Calafat AM, Wong LY, Kuklenyik Z, Reidy JA, Needham LL. Polyfluoroalkyl Chemicals in the U.S. Population: Data from the National Health and Nutrition Examination Survey (NHANES) 2003–2004 and Comparisons to NHANES 1999–2000. Environ Health Perspect 2007 Nov;115(11):1578-1583.
Background: Polyfluoroalkyl chemicals (PFCs) have been used since the 1950s in numerous commercial applications. Exposure of the general U.S. population to PFCs is widespread. Since 2002, the manufacturing practices for PFCs in the United States have changed considerably.
Objectives: To assess exposure to perfluorooctane sulfonic acid (PFOS), perfluorooctanoic acid (PFOA), perfluorohexane sulfonic acid (PFHxS), perfluorononanoic acid (PFNA), and eight other PFCs in a representative 2003–2004 sample of the general U.S. population aged 12 years and older and to determine whether serum concentrations have changed since the 1999–2000 National Health and Nutrition Examination Survey (NHANES).
Methods: By using automated solid-phase extraction coupled to isotope dilution-high performance liquid chromatography-tandem mass spectrometry, we analyzed 2,094 serum samples collected from NHANES 2003–2004 participants.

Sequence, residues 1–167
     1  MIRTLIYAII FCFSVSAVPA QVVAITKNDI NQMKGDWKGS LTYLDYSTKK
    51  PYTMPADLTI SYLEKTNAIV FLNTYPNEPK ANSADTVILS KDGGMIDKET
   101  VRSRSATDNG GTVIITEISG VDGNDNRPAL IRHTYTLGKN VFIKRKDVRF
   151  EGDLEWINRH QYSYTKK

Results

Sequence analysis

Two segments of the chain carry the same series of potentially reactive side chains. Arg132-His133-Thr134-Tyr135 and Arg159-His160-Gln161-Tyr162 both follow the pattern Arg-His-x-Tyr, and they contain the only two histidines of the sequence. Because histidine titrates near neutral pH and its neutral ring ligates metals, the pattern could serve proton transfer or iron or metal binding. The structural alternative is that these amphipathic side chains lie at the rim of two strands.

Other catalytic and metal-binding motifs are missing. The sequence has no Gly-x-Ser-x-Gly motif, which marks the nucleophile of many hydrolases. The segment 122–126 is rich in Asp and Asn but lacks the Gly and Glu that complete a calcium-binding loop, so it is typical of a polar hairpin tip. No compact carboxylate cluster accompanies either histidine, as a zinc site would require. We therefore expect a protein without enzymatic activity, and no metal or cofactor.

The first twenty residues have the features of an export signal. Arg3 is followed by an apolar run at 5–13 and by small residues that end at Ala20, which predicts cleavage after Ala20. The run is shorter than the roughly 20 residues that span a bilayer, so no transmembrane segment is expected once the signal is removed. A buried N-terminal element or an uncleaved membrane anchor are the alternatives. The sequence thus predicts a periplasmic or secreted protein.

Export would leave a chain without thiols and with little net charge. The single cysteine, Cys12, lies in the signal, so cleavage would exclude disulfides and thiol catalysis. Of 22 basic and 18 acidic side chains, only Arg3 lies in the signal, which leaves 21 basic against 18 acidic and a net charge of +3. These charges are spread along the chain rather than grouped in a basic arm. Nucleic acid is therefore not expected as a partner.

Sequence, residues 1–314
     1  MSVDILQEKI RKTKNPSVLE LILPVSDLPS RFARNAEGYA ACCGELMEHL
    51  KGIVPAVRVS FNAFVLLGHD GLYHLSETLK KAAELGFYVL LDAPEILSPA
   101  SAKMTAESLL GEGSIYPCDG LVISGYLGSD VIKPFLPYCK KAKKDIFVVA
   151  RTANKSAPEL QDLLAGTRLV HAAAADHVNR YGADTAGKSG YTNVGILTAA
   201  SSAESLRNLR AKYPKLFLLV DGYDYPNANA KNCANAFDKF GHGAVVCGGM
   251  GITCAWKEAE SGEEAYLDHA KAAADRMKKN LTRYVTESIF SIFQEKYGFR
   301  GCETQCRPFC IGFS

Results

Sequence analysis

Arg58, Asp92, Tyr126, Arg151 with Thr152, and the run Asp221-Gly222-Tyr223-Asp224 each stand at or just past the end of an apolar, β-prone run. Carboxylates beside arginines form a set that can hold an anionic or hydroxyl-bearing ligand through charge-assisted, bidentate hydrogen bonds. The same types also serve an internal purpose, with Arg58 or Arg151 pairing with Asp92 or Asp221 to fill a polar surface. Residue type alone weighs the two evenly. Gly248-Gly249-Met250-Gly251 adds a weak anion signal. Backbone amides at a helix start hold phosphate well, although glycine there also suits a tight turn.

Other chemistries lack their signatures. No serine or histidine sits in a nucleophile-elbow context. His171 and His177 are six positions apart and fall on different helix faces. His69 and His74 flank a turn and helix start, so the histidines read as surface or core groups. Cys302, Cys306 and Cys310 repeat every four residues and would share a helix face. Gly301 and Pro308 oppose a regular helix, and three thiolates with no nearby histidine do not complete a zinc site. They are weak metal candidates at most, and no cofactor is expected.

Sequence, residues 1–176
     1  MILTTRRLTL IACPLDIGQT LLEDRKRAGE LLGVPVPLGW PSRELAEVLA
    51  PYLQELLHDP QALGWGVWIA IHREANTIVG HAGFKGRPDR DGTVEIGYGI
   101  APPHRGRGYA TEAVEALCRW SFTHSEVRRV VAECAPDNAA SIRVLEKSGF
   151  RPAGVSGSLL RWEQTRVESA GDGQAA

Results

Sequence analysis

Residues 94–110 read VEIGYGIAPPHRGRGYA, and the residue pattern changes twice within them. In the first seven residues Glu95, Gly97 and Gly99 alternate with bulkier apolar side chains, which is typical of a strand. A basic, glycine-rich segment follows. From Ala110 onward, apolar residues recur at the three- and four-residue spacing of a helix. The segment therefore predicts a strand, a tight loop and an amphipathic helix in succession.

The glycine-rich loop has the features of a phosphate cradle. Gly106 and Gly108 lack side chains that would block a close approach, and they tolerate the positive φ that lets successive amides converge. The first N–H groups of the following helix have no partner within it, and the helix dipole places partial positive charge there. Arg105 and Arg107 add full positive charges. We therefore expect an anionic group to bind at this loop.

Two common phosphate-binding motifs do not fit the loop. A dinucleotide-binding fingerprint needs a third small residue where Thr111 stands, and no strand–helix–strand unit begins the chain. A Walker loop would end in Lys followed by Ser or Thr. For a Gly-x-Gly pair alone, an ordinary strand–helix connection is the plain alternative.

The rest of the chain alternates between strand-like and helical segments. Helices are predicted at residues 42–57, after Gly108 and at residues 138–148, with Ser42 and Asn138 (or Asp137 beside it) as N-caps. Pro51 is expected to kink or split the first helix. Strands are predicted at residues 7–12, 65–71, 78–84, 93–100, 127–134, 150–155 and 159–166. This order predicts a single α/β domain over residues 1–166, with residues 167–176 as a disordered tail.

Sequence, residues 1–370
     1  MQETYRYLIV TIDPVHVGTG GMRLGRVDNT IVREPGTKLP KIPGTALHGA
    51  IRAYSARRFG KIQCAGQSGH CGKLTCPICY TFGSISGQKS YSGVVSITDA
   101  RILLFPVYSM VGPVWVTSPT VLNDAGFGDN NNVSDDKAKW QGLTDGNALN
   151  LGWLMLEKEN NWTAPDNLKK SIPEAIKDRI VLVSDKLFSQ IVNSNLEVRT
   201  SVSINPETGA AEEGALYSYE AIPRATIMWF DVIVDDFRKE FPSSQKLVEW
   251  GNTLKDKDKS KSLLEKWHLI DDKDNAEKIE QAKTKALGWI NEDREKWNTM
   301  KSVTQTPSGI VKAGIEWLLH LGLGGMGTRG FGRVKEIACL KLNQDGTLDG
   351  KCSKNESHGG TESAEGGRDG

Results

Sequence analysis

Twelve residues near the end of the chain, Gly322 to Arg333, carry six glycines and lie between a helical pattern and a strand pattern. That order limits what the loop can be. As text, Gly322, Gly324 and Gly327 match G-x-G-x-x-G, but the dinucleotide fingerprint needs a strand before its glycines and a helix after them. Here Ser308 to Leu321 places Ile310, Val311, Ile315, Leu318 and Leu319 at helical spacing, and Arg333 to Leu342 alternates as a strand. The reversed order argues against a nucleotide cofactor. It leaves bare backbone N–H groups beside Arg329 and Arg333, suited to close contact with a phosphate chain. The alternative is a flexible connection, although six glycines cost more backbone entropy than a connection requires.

Results: We detected PFOS, PFOA, PFHxS and PFNA in more than 98% of the samples. Concentrations differed by race/ethnicity and sex. Geometric mean concentrations were significantly lower (approximately 32% for PFOS, 25% for PFOA, 10% for PFHxS) and higher (100%, PFNA) than the concentrations reported in NHANES 1999–2000 (P < 0.001).
Conclusions: In the general U.S. population in 2003–2004, PFOS, PFOA, PFHxS, and PFNA serum concentrations were measurable in each demographic population group studied. Geometric mean concentrations of PFOS, PFOA, and PFHxS in 2003–2004 were lower than in 1999–2000. The apparent reductions in concentrations of PFOS, PFOA, and PFHxS most likely are related to discontinuation in 2002 of industrial production by electrochemical fluorination of PFOS and related perfluorooctanesulfonyl fluoride compounds.
The formatted version of this publication is available from: Environmental Health Perspectives (EHP)